Food Nutrition Labels: Decoding the food we eat
3/6/2012, 10:53 a.m.
In this case, the numbers tell a surprising story. Though a recent national survey determined that 80 percent of families in this country did not buy or read a book in the past year, the percentage of people who reported checking nutrition facts labels on foods is on the rise.
According to its most recent survey in 2008, the U.S. Food and Drug Administration (FDA) found that more than 50 percent of those interviewed ― a 23 percent increase in six years ― indicated that they frequently check labels to determine whether they should buy or avoid certain foods.
Furthermore, 91 percent of the interviewees said they understand the link between diet and heart disease and 62 percent pointed a guilty finger at trans fat as one of the culprits for the disease.
Nutrition Facts Labels were mandated by the Nutrition Labeling and Education Act of 1990. Food manufacturers are required to show the facts of the nutrition of their products and include serving size, calories, nutrients and percent daily values of those nutrients. The law applies to all packaged foods and beverages, excluding meat, poultry, fish and fresh fruits and vegetables.
Since 1994, two changes to the law have occurred. Effective, January 1, 2006 ― thanks to researchers at Harvard’s School of Public Health ― the number of grams of trans fat was added, and as of January 1, 2012, meat and poultry must comply with labeling guidelines.
The food labels are a boon to consumers ― if they pay attention and interpret them correctly. “The food label gives consumers the power to compare foods quickly and easily so they can judge for themselves which products best fit their dietary needs,” explained Barbara Schneeman, Ph.D, the director of the FDA’s Office of Nutrition, Labeling and Dietary Supplements.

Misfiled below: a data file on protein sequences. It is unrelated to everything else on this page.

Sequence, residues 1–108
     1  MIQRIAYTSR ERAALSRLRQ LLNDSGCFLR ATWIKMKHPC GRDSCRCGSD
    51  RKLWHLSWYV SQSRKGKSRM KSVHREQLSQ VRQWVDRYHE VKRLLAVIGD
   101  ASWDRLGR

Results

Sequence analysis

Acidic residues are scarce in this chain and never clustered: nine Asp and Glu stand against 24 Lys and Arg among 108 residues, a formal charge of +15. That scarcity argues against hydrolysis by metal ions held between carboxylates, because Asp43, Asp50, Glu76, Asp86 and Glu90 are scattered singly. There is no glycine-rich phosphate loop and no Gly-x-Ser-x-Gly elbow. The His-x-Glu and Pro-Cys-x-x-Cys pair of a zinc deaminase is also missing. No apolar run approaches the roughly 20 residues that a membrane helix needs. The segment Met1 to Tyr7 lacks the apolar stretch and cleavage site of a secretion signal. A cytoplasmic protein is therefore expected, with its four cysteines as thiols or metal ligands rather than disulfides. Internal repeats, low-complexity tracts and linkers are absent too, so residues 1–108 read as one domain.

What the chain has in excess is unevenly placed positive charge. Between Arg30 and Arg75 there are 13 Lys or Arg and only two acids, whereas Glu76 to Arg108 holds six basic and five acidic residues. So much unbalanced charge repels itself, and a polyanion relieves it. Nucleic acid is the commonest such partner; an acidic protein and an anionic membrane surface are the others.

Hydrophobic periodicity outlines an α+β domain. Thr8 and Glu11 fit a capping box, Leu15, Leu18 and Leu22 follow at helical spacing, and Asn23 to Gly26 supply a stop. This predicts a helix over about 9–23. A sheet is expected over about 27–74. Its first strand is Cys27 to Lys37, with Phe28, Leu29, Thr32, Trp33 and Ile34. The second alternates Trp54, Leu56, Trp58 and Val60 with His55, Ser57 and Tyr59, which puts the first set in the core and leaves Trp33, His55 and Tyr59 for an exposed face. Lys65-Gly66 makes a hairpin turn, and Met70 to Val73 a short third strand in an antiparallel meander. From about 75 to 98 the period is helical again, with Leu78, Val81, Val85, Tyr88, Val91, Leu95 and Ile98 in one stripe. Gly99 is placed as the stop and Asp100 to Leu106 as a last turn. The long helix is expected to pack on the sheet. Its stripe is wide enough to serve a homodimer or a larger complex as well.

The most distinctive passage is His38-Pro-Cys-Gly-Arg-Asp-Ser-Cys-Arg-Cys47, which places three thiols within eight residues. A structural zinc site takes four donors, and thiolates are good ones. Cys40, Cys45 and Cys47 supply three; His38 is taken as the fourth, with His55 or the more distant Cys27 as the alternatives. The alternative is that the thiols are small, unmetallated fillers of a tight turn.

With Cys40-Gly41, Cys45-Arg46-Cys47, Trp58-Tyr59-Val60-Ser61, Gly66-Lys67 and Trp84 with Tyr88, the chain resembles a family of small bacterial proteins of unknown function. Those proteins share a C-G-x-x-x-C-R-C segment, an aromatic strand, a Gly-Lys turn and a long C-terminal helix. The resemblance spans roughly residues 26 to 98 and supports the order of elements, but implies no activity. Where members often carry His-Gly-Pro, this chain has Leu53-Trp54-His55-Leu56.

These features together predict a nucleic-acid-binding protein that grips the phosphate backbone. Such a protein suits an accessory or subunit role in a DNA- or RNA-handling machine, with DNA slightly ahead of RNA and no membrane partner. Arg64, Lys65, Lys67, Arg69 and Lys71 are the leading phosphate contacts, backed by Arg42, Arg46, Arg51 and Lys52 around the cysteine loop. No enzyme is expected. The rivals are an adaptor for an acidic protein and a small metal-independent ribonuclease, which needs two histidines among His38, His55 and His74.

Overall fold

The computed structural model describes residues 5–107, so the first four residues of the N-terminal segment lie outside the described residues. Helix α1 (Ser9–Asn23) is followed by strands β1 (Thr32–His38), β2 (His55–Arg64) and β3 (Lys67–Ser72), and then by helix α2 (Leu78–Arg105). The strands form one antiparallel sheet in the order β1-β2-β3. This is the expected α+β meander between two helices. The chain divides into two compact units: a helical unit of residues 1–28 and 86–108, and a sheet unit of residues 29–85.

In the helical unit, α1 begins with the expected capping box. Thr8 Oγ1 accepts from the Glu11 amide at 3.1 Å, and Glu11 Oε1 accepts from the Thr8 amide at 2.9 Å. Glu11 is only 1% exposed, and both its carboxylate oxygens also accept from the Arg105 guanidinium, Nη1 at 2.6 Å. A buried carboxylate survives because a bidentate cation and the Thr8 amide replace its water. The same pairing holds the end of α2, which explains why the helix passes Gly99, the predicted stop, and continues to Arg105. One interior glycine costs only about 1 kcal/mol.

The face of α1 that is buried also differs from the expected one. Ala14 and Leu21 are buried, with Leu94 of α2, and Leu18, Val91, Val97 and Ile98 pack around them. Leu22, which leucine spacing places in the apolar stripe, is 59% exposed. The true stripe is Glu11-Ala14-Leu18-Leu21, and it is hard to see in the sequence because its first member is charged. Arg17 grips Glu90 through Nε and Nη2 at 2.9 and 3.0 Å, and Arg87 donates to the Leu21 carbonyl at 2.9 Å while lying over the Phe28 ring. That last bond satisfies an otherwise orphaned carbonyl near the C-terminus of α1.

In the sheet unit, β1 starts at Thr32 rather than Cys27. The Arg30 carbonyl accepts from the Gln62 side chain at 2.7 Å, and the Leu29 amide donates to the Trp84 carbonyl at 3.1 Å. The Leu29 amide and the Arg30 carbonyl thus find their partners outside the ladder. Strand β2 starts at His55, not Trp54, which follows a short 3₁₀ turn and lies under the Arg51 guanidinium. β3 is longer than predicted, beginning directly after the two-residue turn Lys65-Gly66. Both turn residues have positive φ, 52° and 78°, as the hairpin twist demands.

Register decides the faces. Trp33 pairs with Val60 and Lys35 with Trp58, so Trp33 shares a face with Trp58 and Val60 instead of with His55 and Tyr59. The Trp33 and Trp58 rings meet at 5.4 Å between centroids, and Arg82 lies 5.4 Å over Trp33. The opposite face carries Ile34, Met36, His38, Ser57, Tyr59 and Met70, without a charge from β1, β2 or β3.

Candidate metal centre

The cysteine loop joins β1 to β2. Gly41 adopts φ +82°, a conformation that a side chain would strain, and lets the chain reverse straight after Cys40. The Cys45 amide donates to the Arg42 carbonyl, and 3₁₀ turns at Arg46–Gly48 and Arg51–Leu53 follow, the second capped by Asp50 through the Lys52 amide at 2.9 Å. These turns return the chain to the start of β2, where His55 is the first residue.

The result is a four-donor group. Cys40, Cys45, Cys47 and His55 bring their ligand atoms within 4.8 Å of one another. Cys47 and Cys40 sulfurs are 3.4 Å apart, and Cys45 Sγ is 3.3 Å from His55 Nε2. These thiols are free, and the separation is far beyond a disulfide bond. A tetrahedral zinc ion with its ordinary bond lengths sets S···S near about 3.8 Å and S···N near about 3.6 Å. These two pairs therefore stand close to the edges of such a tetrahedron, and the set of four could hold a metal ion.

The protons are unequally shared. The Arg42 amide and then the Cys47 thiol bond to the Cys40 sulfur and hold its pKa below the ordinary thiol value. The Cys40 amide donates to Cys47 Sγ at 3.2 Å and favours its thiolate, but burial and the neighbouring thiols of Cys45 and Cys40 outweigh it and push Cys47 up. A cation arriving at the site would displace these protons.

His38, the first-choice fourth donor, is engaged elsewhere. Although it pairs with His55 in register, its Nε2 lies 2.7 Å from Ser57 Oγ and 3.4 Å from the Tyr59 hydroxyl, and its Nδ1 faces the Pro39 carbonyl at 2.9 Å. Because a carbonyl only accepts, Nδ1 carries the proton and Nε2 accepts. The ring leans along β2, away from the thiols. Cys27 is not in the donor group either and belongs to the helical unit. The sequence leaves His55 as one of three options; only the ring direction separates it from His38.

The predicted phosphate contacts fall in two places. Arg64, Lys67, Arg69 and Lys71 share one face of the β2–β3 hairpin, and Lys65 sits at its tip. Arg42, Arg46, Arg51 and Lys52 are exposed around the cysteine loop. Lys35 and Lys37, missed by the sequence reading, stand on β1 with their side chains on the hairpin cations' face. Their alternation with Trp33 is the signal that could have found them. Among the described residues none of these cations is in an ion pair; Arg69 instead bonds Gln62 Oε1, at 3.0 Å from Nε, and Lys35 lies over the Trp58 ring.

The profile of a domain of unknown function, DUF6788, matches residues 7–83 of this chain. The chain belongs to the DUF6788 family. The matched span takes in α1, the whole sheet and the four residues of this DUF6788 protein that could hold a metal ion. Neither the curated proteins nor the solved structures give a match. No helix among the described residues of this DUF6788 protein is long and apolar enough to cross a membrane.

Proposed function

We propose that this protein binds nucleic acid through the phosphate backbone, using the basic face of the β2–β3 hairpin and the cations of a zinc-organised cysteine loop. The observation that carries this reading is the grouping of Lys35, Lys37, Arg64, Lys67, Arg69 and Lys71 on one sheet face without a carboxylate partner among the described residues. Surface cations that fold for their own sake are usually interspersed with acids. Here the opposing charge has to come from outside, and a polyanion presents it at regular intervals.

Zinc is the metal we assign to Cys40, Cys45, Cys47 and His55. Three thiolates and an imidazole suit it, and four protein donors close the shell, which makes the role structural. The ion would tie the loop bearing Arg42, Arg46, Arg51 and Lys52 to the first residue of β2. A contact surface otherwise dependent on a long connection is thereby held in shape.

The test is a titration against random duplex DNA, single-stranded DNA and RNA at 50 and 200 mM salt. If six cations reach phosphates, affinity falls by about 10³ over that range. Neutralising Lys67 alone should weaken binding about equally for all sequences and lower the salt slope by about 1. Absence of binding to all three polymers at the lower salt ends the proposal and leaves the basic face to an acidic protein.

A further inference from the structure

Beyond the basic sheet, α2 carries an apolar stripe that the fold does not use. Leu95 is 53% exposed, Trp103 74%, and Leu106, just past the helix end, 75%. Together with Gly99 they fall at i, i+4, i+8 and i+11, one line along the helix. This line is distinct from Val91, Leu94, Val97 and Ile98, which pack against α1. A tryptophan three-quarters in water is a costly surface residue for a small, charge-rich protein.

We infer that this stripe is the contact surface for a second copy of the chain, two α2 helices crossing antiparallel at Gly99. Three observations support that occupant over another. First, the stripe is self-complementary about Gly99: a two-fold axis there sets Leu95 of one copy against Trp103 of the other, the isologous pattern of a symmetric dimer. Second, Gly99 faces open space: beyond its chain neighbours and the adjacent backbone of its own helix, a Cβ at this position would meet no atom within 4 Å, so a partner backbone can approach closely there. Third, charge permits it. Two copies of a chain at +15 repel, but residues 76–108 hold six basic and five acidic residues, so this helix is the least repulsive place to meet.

Stephanie Spaide, the director of the outpatient services in the Nutrition and Weight Management Center of Boston Medical Center, agrees. “They [food labels] give people the ability to identify what they are putting in their body,” she said. “It helps to understand what’s good to eat or what to avoid.”
In addition, she explained, the labels allow a person to compare products. For instance, if one container of yogurt contains 80 calories and another 240 calories, “there’s a lot of something in that higher container,” she said.
Spaide recommends a simple and practical approach to mastering nutrition labels. “Start out with the one thing you’re focusing on.” Some may be concerned about calories, while others are trying to increase their calcium intake. “Pick one thing and start at ground zero,” she recommended.
High blood pressure is a case in point. People prone to high blood pressure should choose foods that are lower in sodium, which takes some doing given the high salt content in several foods, such as soups, salad dressings and frozen meals. “Foods that contain 400 milligrams (mg) or more of sodium per serving have a high sodium content,” said Spaide.
The nutrition facts are listed on the side or back of the packaging. Key to understanding the labels is serving size, which is typically measured in cups, grams or number of pieces. The serving size dictates the rest of the nutrition facts. For instance, if a person consumes two cups ― or twice the serving size ― the rest of the nutrition information is doubled as well.